Dua is a multidisciplinary performing artist based in Minneapolis. Most recently making their mark with musical collaborators Psymun and Mike Frey, this budding artist has also gained attention in the film and theater world as a director and performer. Though working steadily as a performing artist, Dua has primarily been known for political organizing and workshop facilitation throughout the state of Minnesota through organizations and programs such as Unchain Our Children, Fighting Injustice Through Human Rights and more. They hope to explore art as a means to engage in complex expressions of humanity.
We spoke with Dua ahead of their show with Sidewalk Chalk at The Cedar on May 15 about their work with Button Poetry, becoming a musician, and the sound of Minneapolis. Read the full interview below and get tickets for the show here.
You’re an artist that works in many different forms. What projects are you working on right now?
Within the past few months I have been active in presenting interdisciplinary forms of performance art in a variety of social spaces. This work has helped to expand my perception of stage presentation, audience engagement, and as I navigate the world of artistic change making.
Your work with Button Poetry and, specifically, your performance of “Pins and Needles” has gained a lot of attention. Can you discuss this piece and why you think it resonates with so many people?
Pins and Needles is a memoireistic piece that divulges a somber fragility through its curt and obscure nature. The words place the dominate gaze on itself and muddle normative perceptions on reality. It is a deeply personal piece that highlights social qualms that come about when someone is seated at the cross section of multilayered marginalized identities.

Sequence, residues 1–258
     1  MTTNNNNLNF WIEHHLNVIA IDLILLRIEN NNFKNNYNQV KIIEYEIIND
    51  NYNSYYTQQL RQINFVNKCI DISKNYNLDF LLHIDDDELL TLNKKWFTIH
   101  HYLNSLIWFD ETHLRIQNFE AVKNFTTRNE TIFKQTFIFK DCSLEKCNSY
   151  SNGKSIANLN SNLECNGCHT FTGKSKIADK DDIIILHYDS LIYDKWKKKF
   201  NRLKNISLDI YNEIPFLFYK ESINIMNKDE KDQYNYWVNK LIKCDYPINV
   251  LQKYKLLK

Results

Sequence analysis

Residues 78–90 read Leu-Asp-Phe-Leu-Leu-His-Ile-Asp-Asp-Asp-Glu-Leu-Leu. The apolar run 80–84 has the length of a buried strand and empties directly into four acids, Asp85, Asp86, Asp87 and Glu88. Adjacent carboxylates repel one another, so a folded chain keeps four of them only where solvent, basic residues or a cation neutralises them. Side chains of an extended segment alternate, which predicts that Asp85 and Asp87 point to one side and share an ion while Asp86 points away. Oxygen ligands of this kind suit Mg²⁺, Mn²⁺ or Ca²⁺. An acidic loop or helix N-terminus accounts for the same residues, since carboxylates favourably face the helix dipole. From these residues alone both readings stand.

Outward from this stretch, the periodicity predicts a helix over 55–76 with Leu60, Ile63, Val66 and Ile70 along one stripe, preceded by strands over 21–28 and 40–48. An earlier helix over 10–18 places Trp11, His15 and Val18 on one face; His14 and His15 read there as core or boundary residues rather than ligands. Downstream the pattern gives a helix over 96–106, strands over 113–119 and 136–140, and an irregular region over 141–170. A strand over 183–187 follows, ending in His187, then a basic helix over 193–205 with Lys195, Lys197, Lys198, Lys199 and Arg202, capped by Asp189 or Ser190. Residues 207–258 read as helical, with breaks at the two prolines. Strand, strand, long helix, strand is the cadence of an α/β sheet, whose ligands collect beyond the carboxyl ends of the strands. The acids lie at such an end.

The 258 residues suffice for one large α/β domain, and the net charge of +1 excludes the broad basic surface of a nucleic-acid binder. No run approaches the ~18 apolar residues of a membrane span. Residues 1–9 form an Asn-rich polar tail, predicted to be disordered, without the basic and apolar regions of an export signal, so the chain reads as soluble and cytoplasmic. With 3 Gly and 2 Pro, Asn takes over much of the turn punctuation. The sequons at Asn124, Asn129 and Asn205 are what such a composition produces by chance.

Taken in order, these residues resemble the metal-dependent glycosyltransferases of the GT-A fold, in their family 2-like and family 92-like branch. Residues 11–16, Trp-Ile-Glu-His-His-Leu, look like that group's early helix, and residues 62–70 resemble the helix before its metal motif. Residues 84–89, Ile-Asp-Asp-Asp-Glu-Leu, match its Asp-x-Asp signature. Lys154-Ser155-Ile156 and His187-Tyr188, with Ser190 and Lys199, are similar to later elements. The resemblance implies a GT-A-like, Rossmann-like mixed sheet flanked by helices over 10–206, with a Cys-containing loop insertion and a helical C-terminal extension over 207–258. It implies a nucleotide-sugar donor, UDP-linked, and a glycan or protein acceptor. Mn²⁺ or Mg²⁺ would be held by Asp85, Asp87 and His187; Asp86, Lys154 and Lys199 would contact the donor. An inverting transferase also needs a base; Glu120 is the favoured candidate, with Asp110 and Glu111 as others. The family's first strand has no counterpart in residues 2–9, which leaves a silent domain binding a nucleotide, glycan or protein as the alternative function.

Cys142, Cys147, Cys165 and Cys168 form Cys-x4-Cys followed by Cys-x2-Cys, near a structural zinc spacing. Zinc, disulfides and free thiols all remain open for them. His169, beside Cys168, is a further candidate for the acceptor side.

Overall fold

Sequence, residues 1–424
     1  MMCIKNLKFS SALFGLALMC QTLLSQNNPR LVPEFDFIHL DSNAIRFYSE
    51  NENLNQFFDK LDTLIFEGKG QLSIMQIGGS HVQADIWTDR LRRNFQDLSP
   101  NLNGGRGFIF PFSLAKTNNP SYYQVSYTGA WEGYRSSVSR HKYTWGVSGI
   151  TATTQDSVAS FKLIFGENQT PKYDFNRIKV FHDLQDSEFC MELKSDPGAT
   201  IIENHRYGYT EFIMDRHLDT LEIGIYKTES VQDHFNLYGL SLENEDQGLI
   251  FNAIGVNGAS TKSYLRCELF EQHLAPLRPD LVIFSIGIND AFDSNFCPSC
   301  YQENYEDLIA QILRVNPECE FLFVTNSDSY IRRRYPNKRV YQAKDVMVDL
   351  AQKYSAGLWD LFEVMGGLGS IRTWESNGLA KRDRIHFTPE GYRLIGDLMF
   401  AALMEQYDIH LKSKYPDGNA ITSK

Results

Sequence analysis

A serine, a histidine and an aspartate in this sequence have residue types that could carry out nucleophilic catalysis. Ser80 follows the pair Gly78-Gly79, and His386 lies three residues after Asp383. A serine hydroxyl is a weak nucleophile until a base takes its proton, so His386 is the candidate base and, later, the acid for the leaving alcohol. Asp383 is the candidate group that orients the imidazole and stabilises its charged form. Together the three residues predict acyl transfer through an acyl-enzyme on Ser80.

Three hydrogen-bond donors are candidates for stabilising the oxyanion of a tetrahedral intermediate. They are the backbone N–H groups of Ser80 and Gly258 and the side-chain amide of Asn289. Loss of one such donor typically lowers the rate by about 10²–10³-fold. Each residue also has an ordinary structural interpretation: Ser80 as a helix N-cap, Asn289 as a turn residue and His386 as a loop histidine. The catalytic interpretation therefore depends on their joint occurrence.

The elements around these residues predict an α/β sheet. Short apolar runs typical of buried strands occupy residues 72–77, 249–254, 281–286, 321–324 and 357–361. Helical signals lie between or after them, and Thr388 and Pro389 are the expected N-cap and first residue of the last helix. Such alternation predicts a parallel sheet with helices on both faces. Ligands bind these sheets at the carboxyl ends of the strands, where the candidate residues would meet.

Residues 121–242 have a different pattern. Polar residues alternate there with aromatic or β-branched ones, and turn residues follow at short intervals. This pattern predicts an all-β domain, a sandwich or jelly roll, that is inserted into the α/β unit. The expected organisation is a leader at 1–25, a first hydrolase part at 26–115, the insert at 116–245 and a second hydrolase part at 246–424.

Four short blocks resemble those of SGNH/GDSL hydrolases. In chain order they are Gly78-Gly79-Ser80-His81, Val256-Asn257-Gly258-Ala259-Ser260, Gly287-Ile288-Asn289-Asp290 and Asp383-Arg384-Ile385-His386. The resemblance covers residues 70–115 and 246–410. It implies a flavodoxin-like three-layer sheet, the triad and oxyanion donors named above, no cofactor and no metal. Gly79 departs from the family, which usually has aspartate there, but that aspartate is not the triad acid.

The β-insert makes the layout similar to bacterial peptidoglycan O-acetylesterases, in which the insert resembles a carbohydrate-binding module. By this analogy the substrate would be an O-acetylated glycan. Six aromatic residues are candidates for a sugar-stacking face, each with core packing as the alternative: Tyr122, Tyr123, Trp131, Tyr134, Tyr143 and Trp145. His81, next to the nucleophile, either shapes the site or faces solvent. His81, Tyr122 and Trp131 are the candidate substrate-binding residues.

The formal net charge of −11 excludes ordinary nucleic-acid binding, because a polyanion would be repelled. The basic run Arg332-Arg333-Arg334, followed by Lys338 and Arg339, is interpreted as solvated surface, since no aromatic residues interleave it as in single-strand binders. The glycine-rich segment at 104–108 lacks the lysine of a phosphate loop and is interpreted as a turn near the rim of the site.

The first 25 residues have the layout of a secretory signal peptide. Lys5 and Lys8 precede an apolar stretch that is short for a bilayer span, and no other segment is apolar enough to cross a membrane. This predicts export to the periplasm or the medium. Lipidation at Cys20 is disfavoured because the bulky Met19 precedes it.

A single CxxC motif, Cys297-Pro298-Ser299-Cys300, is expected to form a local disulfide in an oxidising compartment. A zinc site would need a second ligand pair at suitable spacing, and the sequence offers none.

You got into music a couple years ago; what was that transition like?
The transition that I have made from organizing, to academia, to artistry has profoundly shifted my perception of the world. I can no longer imagine my life outside of the arts, especially outside of music. I never thought people would respond to my work in the way that they have, but I'm incredibly excited to continue my journey through these spaces.
You’ve collaborated with producers like Mike Frey and Psymun. How have those collaborations helped you discover your sound?
These are probably two of the most talented and supportive producers/artists in the Twin Cities. They both have influnced the sound that is currently emerging from Minnesota's music scene and they both carry a genuine love for music that continuously inspires me every day. In addition to this, they are both experimental artists that love to explore a plethora of different genera and musical avenues. As a result, this has provided me more breathing room to find sounds that blend well with my style. In addition they have both challenged me to further explore my own production, which has felt extremely validating.
Influential local producer, Psymun
Do you approach writing lyrics in a similar way as writing poetry?
Song writing comes more naturally to me because melodies that circulate in my head often provide me with the structure that I need for lyrics. Poetry often takes me longer to process because there is no structural guidance from any external factors. Although this is the case, I do not have a definitive technique or routine for writing.
You’re also a political organizer, how does your music address that side of your life?
All portions of my life are influenced by the sociopolitical lenses and ideologies that I hold. I can never remove my artistic work from the reality that I engage with every day. As a result, there are many themes of resistance and critique that find their way organically into the content that I create.
What can people expect from a Dua show?
I always want the crowd to have an immersive and emotionally transformative experience. People can expect to feel fully engaged.
What’s inspiring you lately?
Lately, I have been inspired by sunlight.